Chocolate has been around for over 3000 years, but it didn’t gain popularity in America until the 1900s, when Milton Hershey found a way to perfect the milk chocolate recipe. Since then, chocolate has grown to be one of the most popular candies around. While many chocolate bars faded out of existence, some of them have been around for so long that they’re borderline historic. Let’s take a stroll with Willy Wonka through his famous chocolate factory and break down the 10 Most Influential American Candy Bars of All Time.
10. Charleston Chew Bars
Named after a popular dance from the 1920s, the Charleston Chew has been around for a long time. Tootsie, famous for their pops and rolls and the current producer of the Charleston Chew, claims that this bar, which features chewy, flavored nougat wrapped in a rich, chocolaty coating, is a true American snack. The Charleston Chew bar originally came in four flavors: chocolate, vanilla, strawberry, and banana. While the banana flavor eventually phased out, the other three are still available to buy in stores. They’re frequently enjoyed frozen, offering the classic “Charleston Chew crack” as folks love to break them into small pieces prior to eating. These were created all the way back in 1925, and they’ve managed to stand the test of time. While the original packaging for Charleston Chews was a grey box that had the brand name in a small red font at the bottom, they eventually switched over to the bright yellow packaging that we’re currently familiar with. These iconic candies are even being mentioned frequently in popular media. For example, in the sci-fi cartoon Futurama, Charleston Chew bars are often mentioned by Richard Nixon’s head, who is the President of Earth. They’ve also been used to teach rheology (the study of the flow of matter) to university students in their geology labs! So while they may not be the most influential candy bar of all time, they definitely earn a spot on the list.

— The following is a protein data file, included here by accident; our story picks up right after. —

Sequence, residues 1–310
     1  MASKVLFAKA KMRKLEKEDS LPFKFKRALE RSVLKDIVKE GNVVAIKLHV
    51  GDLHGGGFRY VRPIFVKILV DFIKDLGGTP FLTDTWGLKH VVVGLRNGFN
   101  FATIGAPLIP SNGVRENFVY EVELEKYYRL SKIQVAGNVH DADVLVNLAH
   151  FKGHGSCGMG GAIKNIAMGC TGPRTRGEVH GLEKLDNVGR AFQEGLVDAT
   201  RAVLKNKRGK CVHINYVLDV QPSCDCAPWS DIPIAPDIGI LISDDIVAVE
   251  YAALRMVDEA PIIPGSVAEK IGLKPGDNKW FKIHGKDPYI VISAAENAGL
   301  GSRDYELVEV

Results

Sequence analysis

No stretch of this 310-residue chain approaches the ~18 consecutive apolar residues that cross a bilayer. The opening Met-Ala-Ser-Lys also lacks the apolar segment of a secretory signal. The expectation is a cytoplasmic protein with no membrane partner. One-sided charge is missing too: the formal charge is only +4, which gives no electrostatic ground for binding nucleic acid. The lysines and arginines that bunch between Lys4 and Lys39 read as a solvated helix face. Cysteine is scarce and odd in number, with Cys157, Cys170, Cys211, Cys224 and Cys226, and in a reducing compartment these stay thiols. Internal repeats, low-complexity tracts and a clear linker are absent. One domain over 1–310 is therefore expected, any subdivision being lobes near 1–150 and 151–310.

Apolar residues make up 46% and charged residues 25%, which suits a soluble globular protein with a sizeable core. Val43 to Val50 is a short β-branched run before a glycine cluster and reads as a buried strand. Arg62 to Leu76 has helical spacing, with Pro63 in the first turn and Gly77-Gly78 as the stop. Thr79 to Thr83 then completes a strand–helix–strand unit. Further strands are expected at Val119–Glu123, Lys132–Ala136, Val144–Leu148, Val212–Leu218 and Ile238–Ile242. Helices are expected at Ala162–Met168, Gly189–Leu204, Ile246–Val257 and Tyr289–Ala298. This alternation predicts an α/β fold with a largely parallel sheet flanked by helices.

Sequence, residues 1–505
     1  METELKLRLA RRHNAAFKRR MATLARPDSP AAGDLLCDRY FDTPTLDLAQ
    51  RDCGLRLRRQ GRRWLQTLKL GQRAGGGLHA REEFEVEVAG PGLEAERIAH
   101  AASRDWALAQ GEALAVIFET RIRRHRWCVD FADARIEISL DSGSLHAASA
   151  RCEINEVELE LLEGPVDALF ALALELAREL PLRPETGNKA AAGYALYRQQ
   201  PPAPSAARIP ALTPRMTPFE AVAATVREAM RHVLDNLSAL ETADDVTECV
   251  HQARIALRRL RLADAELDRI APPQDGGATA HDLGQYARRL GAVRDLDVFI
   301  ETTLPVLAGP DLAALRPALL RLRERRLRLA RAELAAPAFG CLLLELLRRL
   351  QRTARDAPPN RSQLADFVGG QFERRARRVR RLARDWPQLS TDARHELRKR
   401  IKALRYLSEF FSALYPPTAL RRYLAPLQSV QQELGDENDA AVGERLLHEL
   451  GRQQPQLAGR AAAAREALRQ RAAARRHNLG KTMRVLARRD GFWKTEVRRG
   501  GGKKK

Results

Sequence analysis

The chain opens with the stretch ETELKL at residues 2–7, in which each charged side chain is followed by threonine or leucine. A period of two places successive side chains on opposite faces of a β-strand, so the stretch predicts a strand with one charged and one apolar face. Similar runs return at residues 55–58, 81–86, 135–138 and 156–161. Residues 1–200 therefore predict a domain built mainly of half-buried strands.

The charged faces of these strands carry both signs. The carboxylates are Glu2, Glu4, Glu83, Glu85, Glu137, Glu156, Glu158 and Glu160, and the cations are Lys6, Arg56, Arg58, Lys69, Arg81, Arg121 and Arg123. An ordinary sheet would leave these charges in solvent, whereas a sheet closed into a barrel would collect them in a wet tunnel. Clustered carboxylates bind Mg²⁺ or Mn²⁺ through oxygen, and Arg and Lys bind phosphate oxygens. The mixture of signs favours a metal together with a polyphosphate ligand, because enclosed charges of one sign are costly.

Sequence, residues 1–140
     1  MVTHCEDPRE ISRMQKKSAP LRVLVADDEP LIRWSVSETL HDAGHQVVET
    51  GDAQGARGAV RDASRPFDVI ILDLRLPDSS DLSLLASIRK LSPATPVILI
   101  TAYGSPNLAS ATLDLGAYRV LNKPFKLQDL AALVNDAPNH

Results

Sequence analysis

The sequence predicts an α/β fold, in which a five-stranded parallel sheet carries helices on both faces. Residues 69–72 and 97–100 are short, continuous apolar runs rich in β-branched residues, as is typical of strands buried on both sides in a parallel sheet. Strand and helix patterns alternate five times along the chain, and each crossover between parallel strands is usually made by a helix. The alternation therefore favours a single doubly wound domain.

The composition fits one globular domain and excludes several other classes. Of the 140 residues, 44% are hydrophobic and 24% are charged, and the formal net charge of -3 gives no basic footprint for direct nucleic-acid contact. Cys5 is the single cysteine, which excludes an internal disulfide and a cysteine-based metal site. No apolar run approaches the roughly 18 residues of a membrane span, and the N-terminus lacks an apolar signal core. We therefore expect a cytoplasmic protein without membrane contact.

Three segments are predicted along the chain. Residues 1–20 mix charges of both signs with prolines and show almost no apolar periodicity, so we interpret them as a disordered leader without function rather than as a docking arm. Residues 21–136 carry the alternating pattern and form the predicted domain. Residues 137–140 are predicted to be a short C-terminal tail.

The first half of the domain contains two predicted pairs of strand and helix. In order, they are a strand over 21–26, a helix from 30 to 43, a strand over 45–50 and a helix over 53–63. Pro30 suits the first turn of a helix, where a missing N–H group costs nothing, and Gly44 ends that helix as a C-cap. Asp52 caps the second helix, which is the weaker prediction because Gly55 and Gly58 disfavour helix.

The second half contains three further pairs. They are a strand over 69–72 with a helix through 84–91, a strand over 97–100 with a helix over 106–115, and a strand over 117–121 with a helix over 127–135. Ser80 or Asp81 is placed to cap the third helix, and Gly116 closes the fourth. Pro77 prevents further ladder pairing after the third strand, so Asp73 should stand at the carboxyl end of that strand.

9. Dove Chocolate
Dove, also known as Galaxy, is an American brand of chocolate sold and produced by Mars. As a brand, Dove has a great reputation, and their products are nearly everywhere. Not only do they sell a wide range of chocolate candy, they also produce other chocolate confections such as cakes, milks, and ice cream. Originally from a chocolate and ice-cream shop, Dove was owned by a Greek-American man named Leo Stefanos in 1939. Stefanos moved to Chicago in order to settle down and start a family, and according to Dove Chocolate company lore, he was frightened when his young son, Michael, raced recklessly down the street in pursuit of the neighborhood ice cream truck and decided to make his own ice cream bar in hopes of keeping little Michael and his brother and sister closer to home. In 1977, Micheal took over his father’s business. He then expanded the company and sold it to Mars in 1986. The reason Dove is on this list is because, in 1992, they released Dove Silk Chocolate, which was one of the first mass produced chocolate bars marketed as a luxury. While it may not be on everyone’s favorite chocolate list, Dove Silk Chocolate helped pave the way for the artisanal chocolate movement (think Ferrero Rocher, Cadbury, Godiva) that took place a few years later.
8. Almond Joy